Something Borrowed, Someone Dead: An Agatha Raisin Mystery (Agatha Raisin Mysteries)
“Irritating, interfering, and irascible Agatha Raisin is back—yahoo!”
Agatha is the ultimate outsider/insider; she retired to Carsley, a cozy village in the Cotswolds from a big PR firm in London. There aggressiveness was an asset, here mildness is valued. After her nosiness solved a couple dozen village murders, Agatha stumbles upon a new a career: she now runs a detective agency.
Agatha may be a wiz at divining other people’s motives, but she doesn’t spend time looking in the mirror, so in her private life she makes the same mistakes (mostly romantic) over and over.
Agatha’s great secret—she was born in a Birmingham slum—drives her to succeed. She wants to mentor (a word Agatha would scorn) her good-looking young apprentice Toni who has a bad habit of falling for older men. But Agatha’s attempts to save Toni from heartbreak always come off as interference.
Not great for Agatha, but the reader giggles madly at what we know is coming.
In this adventure, Agatha pokes into the murder of Gloria French. When the widow first moved into Piddlebury, she was welcomed. She’s a do-gooder—raising funds for the church, shopping for the elderly and reading books to the blind—a heaven sent addition to any village.
When she is murdered, Parish councillor Jerry Tarrant, fearing that his tranquil village is falling apart because the villagers look accusingly at each other, hires Agatha.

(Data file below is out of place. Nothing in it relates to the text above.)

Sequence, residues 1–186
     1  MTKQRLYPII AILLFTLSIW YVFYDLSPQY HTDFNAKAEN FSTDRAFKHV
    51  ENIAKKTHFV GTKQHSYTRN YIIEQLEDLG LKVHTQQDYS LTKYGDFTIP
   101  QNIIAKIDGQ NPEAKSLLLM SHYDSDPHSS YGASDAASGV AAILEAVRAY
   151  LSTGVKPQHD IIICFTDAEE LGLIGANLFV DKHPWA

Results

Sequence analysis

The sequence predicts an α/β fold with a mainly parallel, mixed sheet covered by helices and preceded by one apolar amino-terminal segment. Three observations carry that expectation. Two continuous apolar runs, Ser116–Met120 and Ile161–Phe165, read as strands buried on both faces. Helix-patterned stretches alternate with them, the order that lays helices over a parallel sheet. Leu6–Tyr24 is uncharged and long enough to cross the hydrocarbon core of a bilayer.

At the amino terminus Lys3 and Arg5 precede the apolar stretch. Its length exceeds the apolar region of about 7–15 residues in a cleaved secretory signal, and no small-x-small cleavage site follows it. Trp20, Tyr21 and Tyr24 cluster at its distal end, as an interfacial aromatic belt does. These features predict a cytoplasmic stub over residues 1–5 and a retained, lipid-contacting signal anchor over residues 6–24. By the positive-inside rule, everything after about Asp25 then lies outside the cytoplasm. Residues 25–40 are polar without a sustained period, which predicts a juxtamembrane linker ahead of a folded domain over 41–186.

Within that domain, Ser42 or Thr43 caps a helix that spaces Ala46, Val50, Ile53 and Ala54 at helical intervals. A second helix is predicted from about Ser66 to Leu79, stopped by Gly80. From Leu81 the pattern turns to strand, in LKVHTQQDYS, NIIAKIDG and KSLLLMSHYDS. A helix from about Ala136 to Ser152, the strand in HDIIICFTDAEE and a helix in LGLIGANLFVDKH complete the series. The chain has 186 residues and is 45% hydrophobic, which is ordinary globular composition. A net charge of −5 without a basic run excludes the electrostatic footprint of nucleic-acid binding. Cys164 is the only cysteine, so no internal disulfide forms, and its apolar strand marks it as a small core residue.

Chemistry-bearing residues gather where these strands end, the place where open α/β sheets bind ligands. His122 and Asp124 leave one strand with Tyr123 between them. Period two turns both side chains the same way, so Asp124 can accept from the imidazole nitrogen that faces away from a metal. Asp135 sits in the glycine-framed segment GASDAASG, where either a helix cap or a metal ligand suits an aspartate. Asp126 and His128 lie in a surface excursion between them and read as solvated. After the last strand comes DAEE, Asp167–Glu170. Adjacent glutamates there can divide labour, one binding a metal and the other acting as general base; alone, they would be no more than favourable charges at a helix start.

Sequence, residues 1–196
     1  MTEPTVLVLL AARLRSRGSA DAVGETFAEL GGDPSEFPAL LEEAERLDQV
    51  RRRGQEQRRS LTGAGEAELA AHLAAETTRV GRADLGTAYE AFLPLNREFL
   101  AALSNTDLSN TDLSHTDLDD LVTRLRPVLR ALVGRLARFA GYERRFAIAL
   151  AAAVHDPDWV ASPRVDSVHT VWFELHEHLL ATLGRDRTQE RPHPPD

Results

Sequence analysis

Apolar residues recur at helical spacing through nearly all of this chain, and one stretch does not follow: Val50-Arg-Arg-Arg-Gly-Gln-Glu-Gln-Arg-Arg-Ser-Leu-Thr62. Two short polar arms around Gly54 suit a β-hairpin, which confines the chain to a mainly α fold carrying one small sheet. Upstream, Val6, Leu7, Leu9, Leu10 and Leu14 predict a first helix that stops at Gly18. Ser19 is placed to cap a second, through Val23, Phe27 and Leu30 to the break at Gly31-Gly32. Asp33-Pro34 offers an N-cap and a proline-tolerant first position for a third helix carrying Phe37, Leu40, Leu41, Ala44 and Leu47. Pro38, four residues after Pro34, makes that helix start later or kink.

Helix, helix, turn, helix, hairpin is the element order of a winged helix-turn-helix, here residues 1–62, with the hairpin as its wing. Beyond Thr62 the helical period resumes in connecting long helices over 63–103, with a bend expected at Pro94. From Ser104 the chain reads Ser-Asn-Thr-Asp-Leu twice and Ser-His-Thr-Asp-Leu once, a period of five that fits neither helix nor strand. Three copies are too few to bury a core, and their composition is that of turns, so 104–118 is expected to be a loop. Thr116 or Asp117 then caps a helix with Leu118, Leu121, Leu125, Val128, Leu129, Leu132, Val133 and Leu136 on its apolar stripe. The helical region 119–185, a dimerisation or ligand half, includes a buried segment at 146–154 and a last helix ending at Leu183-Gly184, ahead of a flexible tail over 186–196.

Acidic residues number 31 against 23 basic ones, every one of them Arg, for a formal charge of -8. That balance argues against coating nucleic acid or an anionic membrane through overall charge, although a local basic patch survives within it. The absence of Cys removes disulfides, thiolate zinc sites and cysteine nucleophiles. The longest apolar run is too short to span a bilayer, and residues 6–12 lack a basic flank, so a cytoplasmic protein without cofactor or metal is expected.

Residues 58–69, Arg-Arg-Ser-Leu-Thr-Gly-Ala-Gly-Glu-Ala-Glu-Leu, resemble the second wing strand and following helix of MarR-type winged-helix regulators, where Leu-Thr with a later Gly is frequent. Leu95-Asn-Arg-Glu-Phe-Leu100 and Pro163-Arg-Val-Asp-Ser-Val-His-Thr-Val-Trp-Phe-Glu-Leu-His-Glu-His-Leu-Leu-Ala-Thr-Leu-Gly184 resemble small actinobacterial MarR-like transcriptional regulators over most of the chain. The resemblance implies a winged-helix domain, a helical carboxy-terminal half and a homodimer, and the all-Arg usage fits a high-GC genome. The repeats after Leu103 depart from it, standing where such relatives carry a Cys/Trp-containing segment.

Agatha soon ferrets out the truth about Gloria: her habit of “borrowing” items and not returning them has touched just about everybody in Piddlebury. It’s not grand larceny, merely a teapot and some silverware, but when people ask for their items back, Gloria either flat out denies she took them or blames the victim for the misunderstanding.
It’s the kind of crime that can really get under one’s skin, so when Gloria is poisoned by a bottle of homemade elderberry wine, not a lot of tears flow.
But as villagers are wont to do, they draw inward and resent Agatha's bullying methods of investigation. They decide the culprit is an outsider who passed through. Now there’s nothing to fear.
Savvy, smart, and shrewd Agatha understands the outsider theory and knows it is hogwash.She questions everyone, waits and questions again—and then again. Her visage may resemble a bear with her searching small dark eyes, but she has the tenacity of a bulldog.
M. C. Beaton is often described as the “queen of cozies.” But she plays fast and loose with the accepted confines of that genre. Her body count is always quite high, and an investigation can take months. Her detective worries about an aching hip, her sex appeal, and hair color—not very Miss Marple like.
Agatha is easy to understand and a joy to read about.
Long may she interfere.